Behind Sascha Zverev
A look back on Sascha Zverev's coaching history and the road ahead
There is a scene in the original Karate Kid movie from 1984 when Daniel, a misguided and slightly lost boy with a good heart, meets Mr Miyagi for the first time. The old karate master impresses Daniel with effortless skill and cool demeanour, and the fates of the two begin intertwining. It’s a mismatched partnership that works, despite the vast difference of characters. The staple of any feel-good movie, the pair complement each other in a curious and slightly bizarre way and form an unlikely and life-changing friendship. This is how I imagine the recently announced David Ferrer and Sascha Zverev partnership to unfold. The young German will approach his new coach with a mixture of mistrust and curiosity whereas the cool Spaniard will take gauge of his charge and try to keep an open mind. At the moment, Sascha’s reputation precedes him.
Of course, the two men had met many times during their professional journeys. In 2014, Sascha recorded his first main-draw ATP win in Hamburg. His run would end in the semi-finals against Ferrer. In 2018 David took part in his last Davis Cup tie where he once again met Zverev, and when the following year he hung up his racquet, his last professional match was against Sascha. Now, as Ferrer steps into the world of coaching, the young German will be his first project. In a way, the circle is complete.
There is not much to go on with, for now. The pair announced that they will begin a 15-day trial period which is not an unusual arrangement in the world of tennis coaching. Ferru, as he is affectionately known around the Tour, will undoubtedly find it a different kind of experience. Up until now, he was the one battling his own demons on court. If the partnership proves a success, he will find himself on the sidelines, looking on powerlessly as his protégé attempts to battle his. And Sascha has quite a few demons riding his back.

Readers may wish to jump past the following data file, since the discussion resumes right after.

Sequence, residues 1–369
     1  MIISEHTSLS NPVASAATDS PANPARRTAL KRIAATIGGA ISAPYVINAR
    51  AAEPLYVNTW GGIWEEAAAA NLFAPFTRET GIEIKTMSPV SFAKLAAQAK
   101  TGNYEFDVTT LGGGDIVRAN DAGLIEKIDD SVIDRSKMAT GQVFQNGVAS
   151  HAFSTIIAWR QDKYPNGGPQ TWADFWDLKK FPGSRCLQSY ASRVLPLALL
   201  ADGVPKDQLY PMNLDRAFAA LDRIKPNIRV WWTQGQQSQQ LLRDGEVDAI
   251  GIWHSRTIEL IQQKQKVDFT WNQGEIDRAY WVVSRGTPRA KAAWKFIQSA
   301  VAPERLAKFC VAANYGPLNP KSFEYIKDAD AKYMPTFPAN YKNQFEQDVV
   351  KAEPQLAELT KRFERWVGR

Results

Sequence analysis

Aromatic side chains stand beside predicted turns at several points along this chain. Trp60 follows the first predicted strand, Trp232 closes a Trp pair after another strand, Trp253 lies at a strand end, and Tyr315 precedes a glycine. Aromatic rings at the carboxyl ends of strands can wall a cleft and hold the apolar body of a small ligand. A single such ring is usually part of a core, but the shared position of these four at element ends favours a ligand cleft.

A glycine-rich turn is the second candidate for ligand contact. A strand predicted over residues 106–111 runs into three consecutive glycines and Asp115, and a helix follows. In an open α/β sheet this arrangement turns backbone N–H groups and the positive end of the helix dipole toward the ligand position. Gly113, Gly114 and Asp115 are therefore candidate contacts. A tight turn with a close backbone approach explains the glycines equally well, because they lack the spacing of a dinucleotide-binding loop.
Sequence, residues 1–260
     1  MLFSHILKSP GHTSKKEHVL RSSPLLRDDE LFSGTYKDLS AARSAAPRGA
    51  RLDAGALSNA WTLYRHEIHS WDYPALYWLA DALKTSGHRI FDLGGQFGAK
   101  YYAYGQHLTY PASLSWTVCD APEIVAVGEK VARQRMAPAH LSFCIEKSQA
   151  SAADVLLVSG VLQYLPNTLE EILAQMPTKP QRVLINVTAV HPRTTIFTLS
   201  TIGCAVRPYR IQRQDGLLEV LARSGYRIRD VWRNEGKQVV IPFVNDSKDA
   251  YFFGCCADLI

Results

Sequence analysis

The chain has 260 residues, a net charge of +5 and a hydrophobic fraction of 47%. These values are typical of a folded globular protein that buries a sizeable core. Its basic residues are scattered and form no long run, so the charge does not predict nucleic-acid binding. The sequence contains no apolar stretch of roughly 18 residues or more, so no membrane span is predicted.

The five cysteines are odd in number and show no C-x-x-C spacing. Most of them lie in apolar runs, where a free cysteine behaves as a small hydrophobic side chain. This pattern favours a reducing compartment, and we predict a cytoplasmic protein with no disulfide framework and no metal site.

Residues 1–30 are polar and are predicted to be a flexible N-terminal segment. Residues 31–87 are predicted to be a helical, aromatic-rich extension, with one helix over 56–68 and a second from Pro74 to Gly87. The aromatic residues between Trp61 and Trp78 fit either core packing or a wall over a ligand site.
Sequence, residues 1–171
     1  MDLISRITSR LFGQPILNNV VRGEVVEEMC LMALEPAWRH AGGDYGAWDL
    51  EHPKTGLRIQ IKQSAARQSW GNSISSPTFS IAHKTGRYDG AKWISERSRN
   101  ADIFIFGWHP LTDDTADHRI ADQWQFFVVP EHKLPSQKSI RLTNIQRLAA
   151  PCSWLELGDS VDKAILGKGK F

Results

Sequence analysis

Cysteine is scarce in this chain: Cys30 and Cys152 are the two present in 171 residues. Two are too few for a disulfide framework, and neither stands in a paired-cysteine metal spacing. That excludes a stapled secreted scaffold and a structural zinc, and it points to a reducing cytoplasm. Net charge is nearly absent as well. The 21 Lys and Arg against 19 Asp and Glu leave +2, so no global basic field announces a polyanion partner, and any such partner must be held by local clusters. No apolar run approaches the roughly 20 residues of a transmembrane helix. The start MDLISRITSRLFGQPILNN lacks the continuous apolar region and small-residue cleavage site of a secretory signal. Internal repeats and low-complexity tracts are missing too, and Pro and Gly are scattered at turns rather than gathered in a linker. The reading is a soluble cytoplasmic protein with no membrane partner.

If history is to suggest anything, Ferrer is jumping in at the deep end of the coaching pool. Sascha is 23 which is old enough to drive, drink and feel like an adult yet still think like a kid. Ever since he picked up a racquet for the first time, he has been coached by his parents who are both tennis players. In July 2017, the Zverev team brought in Juan Carlos Ferrero to help improve Sascha’s game. The partnership lasted a mere 8 months after which the pair split up quoting irreconcilable differences. Ferrero complained about Sascha’s attitude. Zverev accused Ferrero of lack of respect.
On the surface, there is nothing much to it. Zverev, despite his young age, is already a very successful tennis player in his own right, far more than his 9 years older brother ever was. Even if he didn’t necessarily buy into it, the buzz around his wildly precocious talent must have been impossible to ignore. And he followed the hype up with performances that, not only justified it, but promised more. At the time the partnership began, he was ranked 11 in the world. A month later he defeated Federer in the Montreal Masters final. He knows he’s good. And he demands respect.
Ferrero, on his part, is a grizzled veteran, a believer of the old adage that hard work beats talent if talent doesn’t work hard. He has seen plenty of Zverevs throughout his 20 years in the industry, players with raw talent spruced up by impeccable technique, the end product being someone who seems graced by God himself, out of a Michelangelo fresco, who yet refuse to accept the gift. Unlike Zverev, whose sense of self-belief — the one must-have quality in any elite athlete — doesn’t allow the possibility of failure enter his subconsciousness, Juan Carlos Ferrero knows too well the thin line that separates becoming a Thiem from a Tomić. And at that level, it’s all down to hard, relentless work.